The Daniel Nava Story

This post first appeared on BaseballDigest.com

His life story could be the premise for the next “Rudy”, but if Danial Nava has anything to say about it, the ending hasn’t been written yet.

Daniel Nava has faced countless bumps in the road that has led him to wearing the home uniform of the Boston Red Sox and roaming the outfield at Fenway Park. From the beginning, it’s been an uphill battle.

He couldn’t crack the Santa Clara University baseball team, and instead served as their equipment manager. After leaving SCU due to tuition costs, he walked on to a junior college baseball team and eventually opened the eyes at SCU, who offered him a scholarship to return for his senior year. Despite tearing up the West Coast Conference, Nava went undrafted when he graduated. He opted to try out for the Chico Outlaws of the Golden Baseball League, and initially failed the make the team. It wasn’t until a year later that the Outlaws brought Nava on board and he went on to become to number one independent prospect in the country after hitting .371 while slugging 12 homers in 72 games. ESPNBoston.com has a great interview with Nava from April, where the outfielder expands on the trials and tribulations of ending up in the Red Sox organization.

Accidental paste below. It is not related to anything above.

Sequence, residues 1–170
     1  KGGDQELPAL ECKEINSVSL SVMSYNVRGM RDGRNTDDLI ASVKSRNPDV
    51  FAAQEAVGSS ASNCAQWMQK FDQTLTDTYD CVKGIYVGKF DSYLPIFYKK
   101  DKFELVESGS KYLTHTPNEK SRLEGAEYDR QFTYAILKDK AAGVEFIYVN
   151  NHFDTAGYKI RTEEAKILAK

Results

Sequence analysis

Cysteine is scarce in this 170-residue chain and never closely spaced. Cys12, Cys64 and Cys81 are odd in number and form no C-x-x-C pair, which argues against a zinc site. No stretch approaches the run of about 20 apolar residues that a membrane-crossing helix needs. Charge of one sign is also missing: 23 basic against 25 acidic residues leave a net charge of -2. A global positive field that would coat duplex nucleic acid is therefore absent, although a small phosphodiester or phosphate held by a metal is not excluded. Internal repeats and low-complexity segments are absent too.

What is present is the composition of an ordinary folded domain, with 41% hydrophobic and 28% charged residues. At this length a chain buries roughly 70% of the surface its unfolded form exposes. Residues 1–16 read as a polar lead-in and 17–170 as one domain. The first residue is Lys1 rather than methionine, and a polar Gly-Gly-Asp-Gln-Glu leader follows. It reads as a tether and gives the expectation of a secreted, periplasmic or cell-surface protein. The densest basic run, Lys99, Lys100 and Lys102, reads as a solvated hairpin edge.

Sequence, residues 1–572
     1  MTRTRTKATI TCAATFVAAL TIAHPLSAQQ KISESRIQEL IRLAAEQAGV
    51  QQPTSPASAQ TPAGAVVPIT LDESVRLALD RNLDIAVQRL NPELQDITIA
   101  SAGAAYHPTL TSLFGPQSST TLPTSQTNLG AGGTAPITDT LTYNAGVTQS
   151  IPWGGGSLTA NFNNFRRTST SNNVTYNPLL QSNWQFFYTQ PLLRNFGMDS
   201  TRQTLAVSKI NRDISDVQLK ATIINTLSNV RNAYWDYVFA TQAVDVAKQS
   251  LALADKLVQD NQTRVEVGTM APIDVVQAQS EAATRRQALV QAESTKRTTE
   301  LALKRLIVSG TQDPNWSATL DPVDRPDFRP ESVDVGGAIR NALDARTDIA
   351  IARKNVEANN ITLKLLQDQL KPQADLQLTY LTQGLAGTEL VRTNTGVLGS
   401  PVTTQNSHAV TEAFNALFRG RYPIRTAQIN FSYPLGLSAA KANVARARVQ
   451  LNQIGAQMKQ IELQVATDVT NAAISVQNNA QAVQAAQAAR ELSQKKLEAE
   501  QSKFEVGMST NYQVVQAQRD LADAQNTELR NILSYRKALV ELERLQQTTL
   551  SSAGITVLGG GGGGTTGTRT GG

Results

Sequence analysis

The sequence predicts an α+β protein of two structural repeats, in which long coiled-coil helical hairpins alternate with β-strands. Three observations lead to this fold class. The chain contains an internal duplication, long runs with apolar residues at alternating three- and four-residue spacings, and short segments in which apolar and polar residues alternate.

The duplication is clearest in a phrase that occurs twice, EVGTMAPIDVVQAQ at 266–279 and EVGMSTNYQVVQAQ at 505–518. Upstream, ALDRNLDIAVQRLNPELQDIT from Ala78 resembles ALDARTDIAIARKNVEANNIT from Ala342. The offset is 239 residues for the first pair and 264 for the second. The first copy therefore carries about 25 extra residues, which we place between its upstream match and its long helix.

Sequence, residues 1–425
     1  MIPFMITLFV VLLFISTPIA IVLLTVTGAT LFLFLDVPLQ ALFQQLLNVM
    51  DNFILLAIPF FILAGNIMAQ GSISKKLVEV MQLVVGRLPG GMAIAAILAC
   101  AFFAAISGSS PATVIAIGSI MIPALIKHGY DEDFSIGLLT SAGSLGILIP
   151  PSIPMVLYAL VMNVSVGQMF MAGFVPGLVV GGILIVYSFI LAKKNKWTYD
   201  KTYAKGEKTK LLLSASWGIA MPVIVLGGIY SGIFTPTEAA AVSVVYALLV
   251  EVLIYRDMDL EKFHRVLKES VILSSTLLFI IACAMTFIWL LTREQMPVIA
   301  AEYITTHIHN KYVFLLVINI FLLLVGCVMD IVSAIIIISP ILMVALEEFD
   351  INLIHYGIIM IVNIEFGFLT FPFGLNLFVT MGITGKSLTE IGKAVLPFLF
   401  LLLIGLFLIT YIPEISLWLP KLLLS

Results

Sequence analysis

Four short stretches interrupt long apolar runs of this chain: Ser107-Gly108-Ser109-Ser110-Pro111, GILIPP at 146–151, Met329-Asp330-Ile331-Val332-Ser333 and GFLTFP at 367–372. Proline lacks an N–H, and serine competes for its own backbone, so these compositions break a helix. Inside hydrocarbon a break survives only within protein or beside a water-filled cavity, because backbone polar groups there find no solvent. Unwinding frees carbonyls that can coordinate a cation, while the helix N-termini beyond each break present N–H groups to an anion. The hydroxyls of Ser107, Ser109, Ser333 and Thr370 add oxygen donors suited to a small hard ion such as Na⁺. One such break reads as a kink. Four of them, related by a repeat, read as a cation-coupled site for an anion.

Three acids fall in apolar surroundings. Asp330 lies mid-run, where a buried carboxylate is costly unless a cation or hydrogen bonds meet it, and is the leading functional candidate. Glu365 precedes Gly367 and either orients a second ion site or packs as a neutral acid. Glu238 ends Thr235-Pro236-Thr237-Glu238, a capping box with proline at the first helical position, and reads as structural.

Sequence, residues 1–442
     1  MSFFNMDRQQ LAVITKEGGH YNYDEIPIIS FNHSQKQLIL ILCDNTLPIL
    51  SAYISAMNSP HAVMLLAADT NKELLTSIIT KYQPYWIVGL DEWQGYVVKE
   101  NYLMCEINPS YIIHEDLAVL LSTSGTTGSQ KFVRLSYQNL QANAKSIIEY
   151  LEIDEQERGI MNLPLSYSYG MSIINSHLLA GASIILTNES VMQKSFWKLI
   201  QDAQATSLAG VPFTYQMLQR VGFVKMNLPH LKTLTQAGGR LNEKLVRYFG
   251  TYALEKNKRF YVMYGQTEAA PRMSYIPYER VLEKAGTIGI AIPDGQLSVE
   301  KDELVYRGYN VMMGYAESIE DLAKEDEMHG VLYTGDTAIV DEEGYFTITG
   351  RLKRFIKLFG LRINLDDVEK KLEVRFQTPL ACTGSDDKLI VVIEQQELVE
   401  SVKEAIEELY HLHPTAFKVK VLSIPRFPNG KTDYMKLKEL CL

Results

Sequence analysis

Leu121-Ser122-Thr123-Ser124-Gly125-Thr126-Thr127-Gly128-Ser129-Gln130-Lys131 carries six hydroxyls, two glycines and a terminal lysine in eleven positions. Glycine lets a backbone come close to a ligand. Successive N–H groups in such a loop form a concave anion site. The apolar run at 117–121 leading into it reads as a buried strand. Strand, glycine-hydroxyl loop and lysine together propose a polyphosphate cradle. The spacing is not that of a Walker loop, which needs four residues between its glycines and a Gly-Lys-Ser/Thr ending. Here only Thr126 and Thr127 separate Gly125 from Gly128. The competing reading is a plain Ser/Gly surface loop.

The Boston Red Sox purchased Nava’s contract from the Golden Baseball League for a whopping $1($1,499 to follow when he stayed with the organization beyond spring training) in 2007, so it’s safe to say the Red Sox didn’t even heavily invest in their newly acquired talent. In his first season of affiliated baseball, Nava hit .341 with 10 homers in just 86 games with the Single A Lancaster JetHawks.

Last year, the 26 year old outfielder hit .352 between the Single A Salem Red Sox and the Double A Portland Sea Dogs. During the season, Nava earned more walks(43) than strikeouts(33), a feat he accomplished with the 2007 Chico Outlaws as well.

Five days ago, on June 12th, Nava made his major league debut due to a series of injuries to the Red Sox outfield. While their options appeared limited, Daniel Nava no doubt earned his trip to big leagues.

In 54 games with the Pawtucket Red Sox, Nava hit .294 with 8 home runs and 13 doubles, leading the team in both categories. In 273 career minor league games, Daniel Nava hit .342 with 35 home runs and had an on base percentage of .434 to go along with a slugging percentage of .545. Any time a minor leaguer is called upon to fill the void of an every day player, the expectations of the player are low. Mainly, the fill in is expected to keep the seat warm until the injured can return. Nava filled that void nicely and in dramatic fashion.

For Red Sox fans that may have been sleeping under a rock for the last week, Daniel Nava became just the fourth player in major league history to connect for a grand slam on the first pitch of their career. Coincidentally the player Nava was called up to replace, Jeremy Hermida, was the second player in history to do the same thing! He is the 10th Red Sox to hit a home run in his first at bat, and the second this season following Darnell McDonald’s home run on April 20th of this year.

NESN.com, ESPN.com and many other media outlets have written about Nava’s grand beginning to an MLB career, and if the newest fan favorite’s past is any indication, he’s just getting started.

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